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A mother in your practice, whose newborn is being treated at a community hospital where you do not have privileges, calls you with concerns. Three weeks previously, the mother had delivered her full-term baby at home after less than 20 minutes of labor. The mother kept the baby wrapped in clean towels until the local EMS arrived. The paramedics found the baby to be acrocyanotic but alert and crying.
A mother in your practice, whose newborn is being treated at a community hospital where you do not have privileges, calls you with a tale of woe. Three weeks previously, the mother had delivered her full-term baby at home after less than 20 minutes of labor. The mother kept the baby wrapped in clean towels until the local EMS arrived. The paramedics found the baby to be acrocyanotic but alert and crying.
The baby's temperature was 95.8°F, pulse was 134 beats per minute and regular, and respiration rate was 40 breaths per minute. The paramedics rushed the baby to the local community hospital, where a rectal temperature was taken; the reading was 93.6°F. The baby was immediately placed under a warmer and on a heating blanket.
While everyone was perplexed and distraught over the baby's burn, it was decided that the heating blanket probably malfunctioned and overheated, and an incident report was filed. The baby's wounds were cleaned, and silver sulfadiazine cream was applied. The baby's vital signs were stable, and she was not in any distress from the burns.
After 4 hours, the baby was fed. She gagged, spat up, and became agitated. The agitation was persistent and was interpreted as irritability. Vitals were stable, but a sepsis workup was performed, including complete blood count (CBC) with differential; chemistries; blood, cerebrospinal fluid, urine, and wound cultures, and chest x-ray. The CBC showed a white blood cell count (WBC) of 21.3K/mm3 , hemoglobin (Hgb) 18.7 g/dL, hematocrit (Hct) 54.2 %, and platelets 183K/mm3 . Differential was neutrophils 53%, basophils 25%, lymphocytes 15%, and monocytes 2%. Chemistries were: sodium 136 meq/L, potassium 3.7 meq/L, chloride 104 meq/L, carbon dioxide 22.1 meq/L, glucose 102 mg/dL, BUN (blood urea nitrogen) 11 mg/dL, creatinine 0.9 mg/dL, and calcium 10.2 mg/dL. The chest x-ray was unremarkable. As the lumbar puncture returned grossly bloody fluid, cerebrospinal fluid (CSF) cell count and protein were not performed. Ampicillin and gentamicin treatment plus intravenous (IV) maintenance fluids were initiated. The baby was designated as NPO status for the next 48 hours.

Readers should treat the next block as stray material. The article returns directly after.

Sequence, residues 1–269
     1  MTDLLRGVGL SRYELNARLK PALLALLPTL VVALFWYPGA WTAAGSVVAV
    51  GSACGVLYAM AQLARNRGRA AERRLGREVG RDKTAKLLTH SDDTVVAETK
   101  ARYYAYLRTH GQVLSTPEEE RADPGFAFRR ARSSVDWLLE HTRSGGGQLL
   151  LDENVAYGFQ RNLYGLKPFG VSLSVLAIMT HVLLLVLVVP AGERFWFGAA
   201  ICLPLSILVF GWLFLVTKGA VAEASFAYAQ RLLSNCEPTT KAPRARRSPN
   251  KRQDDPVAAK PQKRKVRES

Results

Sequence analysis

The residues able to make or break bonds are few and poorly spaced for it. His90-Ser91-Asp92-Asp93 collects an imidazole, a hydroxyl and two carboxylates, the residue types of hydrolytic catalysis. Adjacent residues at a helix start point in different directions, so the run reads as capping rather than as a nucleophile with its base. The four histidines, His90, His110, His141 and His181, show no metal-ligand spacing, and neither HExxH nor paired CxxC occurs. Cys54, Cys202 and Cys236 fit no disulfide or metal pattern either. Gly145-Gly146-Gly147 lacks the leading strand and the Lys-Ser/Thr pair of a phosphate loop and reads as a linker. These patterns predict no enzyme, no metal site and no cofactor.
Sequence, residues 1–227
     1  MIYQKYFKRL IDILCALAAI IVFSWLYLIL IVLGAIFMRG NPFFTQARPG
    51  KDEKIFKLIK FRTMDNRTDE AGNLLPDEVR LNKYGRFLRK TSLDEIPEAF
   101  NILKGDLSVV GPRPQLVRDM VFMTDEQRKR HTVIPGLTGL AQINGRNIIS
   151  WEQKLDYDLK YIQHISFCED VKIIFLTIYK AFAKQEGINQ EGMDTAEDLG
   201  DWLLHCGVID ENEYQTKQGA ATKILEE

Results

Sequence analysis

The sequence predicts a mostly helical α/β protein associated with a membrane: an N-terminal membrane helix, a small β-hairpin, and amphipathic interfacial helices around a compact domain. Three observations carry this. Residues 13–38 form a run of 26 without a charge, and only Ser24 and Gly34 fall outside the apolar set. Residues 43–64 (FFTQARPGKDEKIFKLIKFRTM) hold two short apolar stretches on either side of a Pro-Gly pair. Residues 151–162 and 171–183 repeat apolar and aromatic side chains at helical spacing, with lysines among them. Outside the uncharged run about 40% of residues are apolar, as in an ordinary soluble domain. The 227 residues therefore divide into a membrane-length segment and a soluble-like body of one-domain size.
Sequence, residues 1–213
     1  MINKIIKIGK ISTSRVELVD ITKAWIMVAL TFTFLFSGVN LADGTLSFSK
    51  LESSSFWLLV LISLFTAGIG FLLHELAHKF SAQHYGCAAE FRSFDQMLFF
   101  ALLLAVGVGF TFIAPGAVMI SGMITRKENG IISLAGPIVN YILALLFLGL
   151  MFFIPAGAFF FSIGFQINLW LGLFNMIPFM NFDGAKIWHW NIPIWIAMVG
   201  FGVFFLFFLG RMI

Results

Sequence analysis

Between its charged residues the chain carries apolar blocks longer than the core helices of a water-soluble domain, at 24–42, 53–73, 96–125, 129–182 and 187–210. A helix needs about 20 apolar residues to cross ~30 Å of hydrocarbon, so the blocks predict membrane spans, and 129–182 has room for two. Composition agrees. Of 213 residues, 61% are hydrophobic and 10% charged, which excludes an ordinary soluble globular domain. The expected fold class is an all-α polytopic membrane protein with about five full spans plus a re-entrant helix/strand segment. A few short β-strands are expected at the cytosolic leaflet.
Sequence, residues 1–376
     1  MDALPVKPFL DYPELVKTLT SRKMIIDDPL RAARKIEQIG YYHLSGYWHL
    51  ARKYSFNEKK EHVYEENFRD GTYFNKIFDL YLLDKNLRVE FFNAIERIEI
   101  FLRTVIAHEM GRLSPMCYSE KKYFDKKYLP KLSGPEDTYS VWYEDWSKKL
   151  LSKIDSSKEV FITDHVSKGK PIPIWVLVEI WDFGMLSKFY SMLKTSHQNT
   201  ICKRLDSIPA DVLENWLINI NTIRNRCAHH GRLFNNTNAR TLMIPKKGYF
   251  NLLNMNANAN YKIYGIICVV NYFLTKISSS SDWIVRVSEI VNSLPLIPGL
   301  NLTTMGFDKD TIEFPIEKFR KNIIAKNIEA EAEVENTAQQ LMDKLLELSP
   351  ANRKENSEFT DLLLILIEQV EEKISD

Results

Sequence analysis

Blood, urine, and CSF cultures were negative at 48 hours, and the wound cultures grew only rare Staphylococcus epidermidis, so antibiotics were discontinued, and feeding was re-attempted. Over the next few days, the baby slowly but steadily took 0.5 to 1 ounce of formula at each feeding. However, her mother tells you that the baby does not feed normally like her older sister did.
The baby began vomiting and gagging again the next day. Abdominal films were taken, and reported normal, with no signs of obstruction or infection. The baby was switched to soy formula. Again, she did better for a day or 2, although still feeding extremely slowly. Then on the sixth day of life the baby gagged and turned blue during a feeding. Vitals at that time showed a normal temperature, pulse of 170 beats per minute, and normal respirations. A computed tomography (CT) scan of the brain was performed, and the results were unremarkable. TORCH studies were drawn, but the results were negative (toxoplasmosis, negative; rubella, Rubazyme index=1.3, indicating passive immunity and not active infection; cytomegalovirus [CMV] IgG, negative; herpes simplex virus [HSV] 1 and HSV2 antibody, negative). Gastrointestinal (GI) and cardiology consults were requested.
The GI specialist thought that the baby had reflux and therefore recommended small, frequent feeds, as well as elevation to 30° at all times. The cardiologist performed an electrocardiogram (EKG) and an echocardiogram, which were reported as normal.
The baby was now taking 0.5 ounce per feeding every 2 hours, still with gagging. She was losing weight, now weighing 6 pounds 2 ounces at 9 days of age. Then she developed a rectal temperature of 100.6°F. Physical exam revealed healing burns, but the exam was otherwise normal. Once again, a full sepsis workup was performed. The CBC was normal, and cerebrospinal fluid cell count and protein were normal. A full chemistry panel showed normal electrolytes and normal liver and kidney function. Ampicillin and gentamicin were reinitiated, and the baby was again designated as NPO status. The GI specialist requested an upper GI series; the results were normal. After 3 days, cultures were negative, antibiotics were stopped, and feedings were resumed, increasing to Enfamil #24 with 1 teaspoon of MCT oil per 8 ounces of formula. Still, there was no improvement in the feeding pattern, and the baby had not regained her birth weight at 3 weeks of age.